Ver. 3. Ten years after she was 65; which shews that she might reasonably conclude she would now have no children herself; and as she knew God had promised Abram a son, she thought he might follow the custom of those times, and have him by a second wife. Abram shewed no eagerness on this matter, but only yielded to his wife’s petition, deprecanti, being well aware of the inconveniences of polygamy, which Sarai had soon reason to observe. This is the first time we read of polygamy since the deluge; but it is not mentioned as any thing singular or unlawful. This was a matter in which God could dispense; but it was never left to the disposal of any man. Hence, when Luther and his associates ventured to dispense with the Landgrave of Hesse, to keep two wives at once, he required him to keep it a secret, being ashamed of his own conduct. He still maintained it was a thing indifferent, even in the law of grace, though Christ has so expressly condemned it. See præp 62, 65. The practice, so common of late in this country, of marrying again after a bill of divorce has been passed, is no less contrary to the Catholic doctrine, which allows only a separation of the parties from bed and board, in cases of adultery; but never of a second marriage, while both the parties are living. 1 Cor. vii. S. Aug. de adult. conj. i. de C. D. xvi. 25, 38. and other fathers. H. — It was never lawful for one woman to have two husbands. W. — To wife. Plurality of wives, though contrary to the primitive institution of marriage, Gen. ii. 24. was by divine dispensation allowed to the patriarchs; which allowance seems to have continued during the time of the law of Moses. But Christ our Lord reduced marriage to its primitive institution. S. Matt. xix.

Ver. 5. Despiseth. Few bear prosperity in a proper manner! — And thee. Sarai things it is the duty of her husband to restrain the insolence of Agar. She commits her cause to God, and does not seek revenge. M.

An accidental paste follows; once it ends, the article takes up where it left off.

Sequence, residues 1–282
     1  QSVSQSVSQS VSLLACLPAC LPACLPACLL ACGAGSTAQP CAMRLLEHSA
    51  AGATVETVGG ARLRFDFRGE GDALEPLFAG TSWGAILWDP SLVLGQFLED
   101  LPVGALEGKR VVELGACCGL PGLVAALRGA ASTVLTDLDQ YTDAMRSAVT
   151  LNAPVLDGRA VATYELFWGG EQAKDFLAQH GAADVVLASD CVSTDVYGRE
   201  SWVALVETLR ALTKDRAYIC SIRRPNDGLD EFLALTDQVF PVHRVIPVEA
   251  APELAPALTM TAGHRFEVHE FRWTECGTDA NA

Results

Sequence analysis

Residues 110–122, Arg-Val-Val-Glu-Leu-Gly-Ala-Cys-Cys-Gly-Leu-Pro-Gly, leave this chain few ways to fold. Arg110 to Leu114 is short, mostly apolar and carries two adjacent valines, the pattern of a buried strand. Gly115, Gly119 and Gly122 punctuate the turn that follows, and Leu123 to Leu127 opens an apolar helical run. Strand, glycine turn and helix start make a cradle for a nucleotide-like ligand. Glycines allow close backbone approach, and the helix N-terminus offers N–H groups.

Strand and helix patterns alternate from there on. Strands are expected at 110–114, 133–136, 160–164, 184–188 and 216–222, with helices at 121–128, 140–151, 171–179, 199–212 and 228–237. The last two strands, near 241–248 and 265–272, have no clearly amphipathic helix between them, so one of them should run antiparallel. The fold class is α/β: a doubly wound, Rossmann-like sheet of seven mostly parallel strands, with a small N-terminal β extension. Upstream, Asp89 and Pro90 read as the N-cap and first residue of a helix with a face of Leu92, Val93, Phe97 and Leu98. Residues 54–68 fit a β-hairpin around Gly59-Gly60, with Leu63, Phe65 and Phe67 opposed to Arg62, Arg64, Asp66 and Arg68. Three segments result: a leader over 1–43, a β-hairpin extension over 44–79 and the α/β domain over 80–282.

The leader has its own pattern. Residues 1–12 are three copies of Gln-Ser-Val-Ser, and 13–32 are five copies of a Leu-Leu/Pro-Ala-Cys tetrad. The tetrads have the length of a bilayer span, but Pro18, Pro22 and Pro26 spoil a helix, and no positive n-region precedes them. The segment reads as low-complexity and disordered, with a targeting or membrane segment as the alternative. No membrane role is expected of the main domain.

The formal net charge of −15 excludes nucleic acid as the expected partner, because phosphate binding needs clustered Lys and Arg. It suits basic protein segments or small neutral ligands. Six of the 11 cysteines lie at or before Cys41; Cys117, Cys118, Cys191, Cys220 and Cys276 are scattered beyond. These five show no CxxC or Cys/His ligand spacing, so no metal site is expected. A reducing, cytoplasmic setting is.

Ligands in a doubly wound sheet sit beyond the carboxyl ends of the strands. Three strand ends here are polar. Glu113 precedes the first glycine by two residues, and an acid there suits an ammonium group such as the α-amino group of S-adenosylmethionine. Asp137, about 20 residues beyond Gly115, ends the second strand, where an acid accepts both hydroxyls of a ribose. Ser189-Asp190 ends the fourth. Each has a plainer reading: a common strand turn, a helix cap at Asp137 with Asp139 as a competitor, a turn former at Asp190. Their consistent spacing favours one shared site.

Ver. 6. Afflicted her, as she now resented even a moderate correction. H.

Ver. 7. In the desert; omitted in Heb. being a repetition of in the wilderness. C.

Ver. 9. Humble thyself. The angel, in God’s name, does not blame Sarai; but gives Agar to understand that the fault was wholly on her side. H.

Ver. 11. Ismael, means “God hath heard” the groans and distress of Agar. C.

Ver. 12. Wild. Heb. like a wild ass, not to be tamed or subdued. The Saracens or Arabs, have almost all along maintained their independence. — Over against, ready to fight, without any dread of any one. C.

Ver. 13. Thou the God. She had imagined before that she was talking to some man; but perceiving, at parting, that it was some superior being, she invoked him thus. —The hinder parts, as Moses did afterwards. Ex. xxxiii. to let us know, that we cannot fully comprehend the nature of an angel, much less of God. Hebrew may be: “what! have I seen (do I live) after He has seen me.” The Hebrews generally supposed, that death would presently overtake the person who had seen the Lord or his angel. Jud. vi. 22. Ex. xxxii. 20. C.

Ver. 15. Agar being returned home, and having obtained pardon. — Ismael, as the angel had foretold; an honour shewn to very few; such as Isaac, Solomon, Jesus, &c. H.